‘Bouncing back better’ from COVID-19 requires overcoming systemic lock-ins
What will the impacts of COVID-19 be on the environment?
As I write this blog, analyses of UK datasets since lockdown from March 2020 to the current day have shown major reductions in greenhouses gases and significant improvements in air quality in terms of nitrous oxides. (However, levels of fine particulate matter showed less change.)
There have also been many reports in popular media of wildlife benefitting from the lower human activity levels. These benefits were always going to be short-lived during the lockdown. They demonstrate what is possible, but unfortunately they are not worth celebrating as a sustainable achievement for environmental protection.
To do so, would be a bit like holding your breath and suggesting it proves you don’t need oxygen. As governments struggle to get national economic sustainability back on track, these environmental sustainability gains are quickly lost. We have seen this with the gradual creeping up of air pollution levels since lockdown has lifted.
What about in the longer term? What might happen to environmental quality as we recover from the pandemic? There is lots of talk about transformative responses to the coronavirus crisis, as this European Joint Research Centre report discusses.
Beyond optimistic rhetoric though, it is quite possible that our socioeconomic system could return to a broadly similar configuration. The graph below shows what happened with global greenhouse gas emissions after the 2008 financial crash.
Even though the system was perturbed and CO2 emissions temporarily reduced, certain factors ensured the return of the globalised socioeconomic system to its previous structural configuration.
Of course, let’s not be all doom and gloom; some aspects of our socioeconomic systems may well get better after COVID-19. The lockdown seems to have seen increased public engagement with nature.
Analysis shows strong links between access to greenspace and both physical and mental health during lockdown, further reinforcing our previous understanding of the important relationship between greenspace and well-being. And, if these higher levels of nature engagement stick that will be a great thing.
Equally, however, some things could get worse than before the COVID-19 pandemic. One worrying issue for the environment sector is the economy. The environment can end up near the bottom of the priority list during economic recession when it gets seen as a ‘luxury’.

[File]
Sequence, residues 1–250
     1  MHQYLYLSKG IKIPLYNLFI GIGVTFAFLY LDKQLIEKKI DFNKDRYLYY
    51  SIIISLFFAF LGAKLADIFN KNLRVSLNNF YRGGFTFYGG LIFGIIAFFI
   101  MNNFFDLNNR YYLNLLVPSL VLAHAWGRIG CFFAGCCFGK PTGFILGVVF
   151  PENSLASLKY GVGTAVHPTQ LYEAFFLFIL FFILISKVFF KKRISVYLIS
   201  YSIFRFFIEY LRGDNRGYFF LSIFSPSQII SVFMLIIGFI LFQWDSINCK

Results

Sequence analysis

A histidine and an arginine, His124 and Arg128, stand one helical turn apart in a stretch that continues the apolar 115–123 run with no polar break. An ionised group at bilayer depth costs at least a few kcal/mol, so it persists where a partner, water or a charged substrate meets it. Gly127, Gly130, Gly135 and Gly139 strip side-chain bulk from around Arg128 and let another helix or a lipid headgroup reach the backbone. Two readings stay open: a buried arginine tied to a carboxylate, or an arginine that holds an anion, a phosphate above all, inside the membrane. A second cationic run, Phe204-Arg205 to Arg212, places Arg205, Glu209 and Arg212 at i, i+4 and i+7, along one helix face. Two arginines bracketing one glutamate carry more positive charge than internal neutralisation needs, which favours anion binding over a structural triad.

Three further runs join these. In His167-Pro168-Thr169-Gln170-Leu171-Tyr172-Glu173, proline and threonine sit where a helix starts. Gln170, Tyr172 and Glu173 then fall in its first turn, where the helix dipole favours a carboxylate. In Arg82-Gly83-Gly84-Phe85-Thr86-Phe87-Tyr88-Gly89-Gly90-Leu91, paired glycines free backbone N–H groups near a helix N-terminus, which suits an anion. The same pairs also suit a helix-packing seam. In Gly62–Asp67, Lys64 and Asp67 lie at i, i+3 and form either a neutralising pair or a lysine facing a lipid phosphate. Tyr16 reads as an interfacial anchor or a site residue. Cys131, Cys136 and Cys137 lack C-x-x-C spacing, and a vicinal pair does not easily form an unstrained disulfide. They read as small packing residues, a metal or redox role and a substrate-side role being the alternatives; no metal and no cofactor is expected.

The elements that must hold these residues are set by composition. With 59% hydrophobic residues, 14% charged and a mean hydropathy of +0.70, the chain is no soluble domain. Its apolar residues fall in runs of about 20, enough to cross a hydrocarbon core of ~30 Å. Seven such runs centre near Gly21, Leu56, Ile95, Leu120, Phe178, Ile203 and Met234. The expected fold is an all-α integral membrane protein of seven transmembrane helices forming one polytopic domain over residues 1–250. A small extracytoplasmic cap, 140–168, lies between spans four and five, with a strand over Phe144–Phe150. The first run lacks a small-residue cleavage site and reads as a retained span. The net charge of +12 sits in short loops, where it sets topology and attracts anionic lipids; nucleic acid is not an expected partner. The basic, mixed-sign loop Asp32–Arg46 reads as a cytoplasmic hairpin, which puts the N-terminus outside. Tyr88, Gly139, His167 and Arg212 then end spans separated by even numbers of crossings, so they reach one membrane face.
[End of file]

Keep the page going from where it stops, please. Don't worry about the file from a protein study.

That seems to be happening again, at least in some countries where economic stimulus packages have not been very ‘green’ and have instead propped up environmentally harmful industries. For example, China has relaxed environmental rules and the USA has allowed companies to break pollution laws.
Therefore, it’s crucial to articulate the importance of a healthy environment. This is especially pertinent in the UK because the compounding urgency to strike trade deals after Brexit could mean food sustainability standards are lowered. Hence, the UK environmental footprint risks getting even bigger.
How can this be tackled? One important aspect is to better understand the factors that keep socioeconomic systems locked into unsustainable trajectories. A first step is developing common language to allow the essential crosstalk between different academic disciplines around system transformations.
A recent study from an international workshop I was involved in found that many different terms are used to describe when a system is stuck in a ‘bad’ trajectory with these including ‘inertia’, ‘socioecological trap’ and ‘perverse resilience’. The term ‘lock-in’ was most broadly understood across disciplines.
‘Lock in’ mechanisms, often comprising negative feedback loops, ensure the return of the socioeconomic system to its previous configuration even in the face of perturbations. They can be structural, regulatory or legislative factors, knowledge constraints, vested interests influencing power dynamics, sociocultural factors, or all the above and more. Understanding these diverse lock-in mechanisms is key to being able to transform systems, as we have found for overcoming undesirable resilience in the global food system.
To enable a genuine green recovery from COVID-19, lock-ins that need to be overcome include structural factors, such as the perverse subsidies we pay for farming. In addition to this, significant lock-ins also occur at the level of individual mindsets and attitudes. These are fundamentally important, as ultimately it is people’s mindsets that support or disrupt the prevailing socioeconomic structure and set the ‘rules of the game’, as systems thinker Donella Meadows puts it.
In a global recession, the dominant policy and media discourse is often about economic growth, yet we need to convey how environmental sustainability is essential to underpin economic stability, as well as human health.
Such arguments lend weight to the narrative of why we need transformation to a new post-COVID-19 food system that is both environmentally and economically sustainable whilst at the same time provides nutritious and affordable food. Focussing on mindsets and attitudes also allows us to understand and influence how dietary choice and consumption patterns are key factors that must change to enable positive system transformation.
There is no doubt that COVID-19 presents a window of opportunity for a more sustainable future. Reconfiguring our socioeconomic systems for lasting positive change, however, needs more than pretty words. It needs to be a substantial coordinated effort on lock-in mechanisms at both structural and deeper psychological levels.